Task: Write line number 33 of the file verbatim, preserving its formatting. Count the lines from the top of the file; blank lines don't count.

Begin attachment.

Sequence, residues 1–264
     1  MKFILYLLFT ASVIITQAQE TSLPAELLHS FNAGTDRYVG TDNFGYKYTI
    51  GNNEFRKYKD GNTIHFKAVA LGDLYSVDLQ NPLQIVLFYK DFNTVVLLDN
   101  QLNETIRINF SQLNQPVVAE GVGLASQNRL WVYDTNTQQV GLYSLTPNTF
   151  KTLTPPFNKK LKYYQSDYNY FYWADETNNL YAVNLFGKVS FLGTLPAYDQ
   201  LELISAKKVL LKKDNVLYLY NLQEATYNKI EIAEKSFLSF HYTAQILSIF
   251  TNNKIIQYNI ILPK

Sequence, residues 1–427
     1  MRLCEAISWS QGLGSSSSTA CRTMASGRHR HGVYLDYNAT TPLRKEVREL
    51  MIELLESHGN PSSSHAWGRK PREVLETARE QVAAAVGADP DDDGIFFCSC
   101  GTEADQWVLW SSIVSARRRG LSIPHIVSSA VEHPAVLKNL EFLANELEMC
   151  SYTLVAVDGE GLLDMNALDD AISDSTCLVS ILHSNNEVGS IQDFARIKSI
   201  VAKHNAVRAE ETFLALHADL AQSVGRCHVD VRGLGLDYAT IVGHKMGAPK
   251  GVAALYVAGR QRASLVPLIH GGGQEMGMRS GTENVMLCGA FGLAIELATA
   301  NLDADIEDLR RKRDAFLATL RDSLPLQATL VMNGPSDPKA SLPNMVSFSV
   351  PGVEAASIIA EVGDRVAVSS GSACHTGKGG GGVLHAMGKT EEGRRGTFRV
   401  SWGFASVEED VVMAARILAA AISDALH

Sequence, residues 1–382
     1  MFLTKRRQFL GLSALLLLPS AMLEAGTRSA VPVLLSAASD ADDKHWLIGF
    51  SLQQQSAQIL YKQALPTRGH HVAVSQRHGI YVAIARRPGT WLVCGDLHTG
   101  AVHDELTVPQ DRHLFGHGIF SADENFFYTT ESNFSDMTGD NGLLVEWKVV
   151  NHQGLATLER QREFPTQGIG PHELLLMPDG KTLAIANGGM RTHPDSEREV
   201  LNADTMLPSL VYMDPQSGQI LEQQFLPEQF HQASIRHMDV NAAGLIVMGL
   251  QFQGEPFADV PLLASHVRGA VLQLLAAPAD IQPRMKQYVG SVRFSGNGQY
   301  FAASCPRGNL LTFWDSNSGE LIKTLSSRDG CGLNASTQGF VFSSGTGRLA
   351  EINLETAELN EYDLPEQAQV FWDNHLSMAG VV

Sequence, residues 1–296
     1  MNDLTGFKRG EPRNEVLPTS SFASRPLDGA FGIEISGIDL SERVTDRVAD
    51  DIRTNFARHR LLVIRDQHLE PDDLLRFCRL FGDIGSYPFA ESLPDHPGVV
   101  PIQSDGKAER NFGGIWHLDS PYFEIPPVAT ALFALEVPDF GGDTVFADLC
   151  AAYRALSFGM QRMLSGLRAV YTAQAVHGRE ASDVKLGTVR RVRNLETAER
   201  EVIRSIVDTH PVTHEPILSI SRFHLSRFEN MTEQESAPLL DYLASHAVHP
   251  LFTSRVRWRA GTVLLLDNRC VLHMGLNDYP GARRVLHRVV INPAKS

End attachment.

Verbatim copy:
   251  LFTSRVRWRA GTVLLLDNRC VLHMGLNDYP GARRVLHRVV INPAKS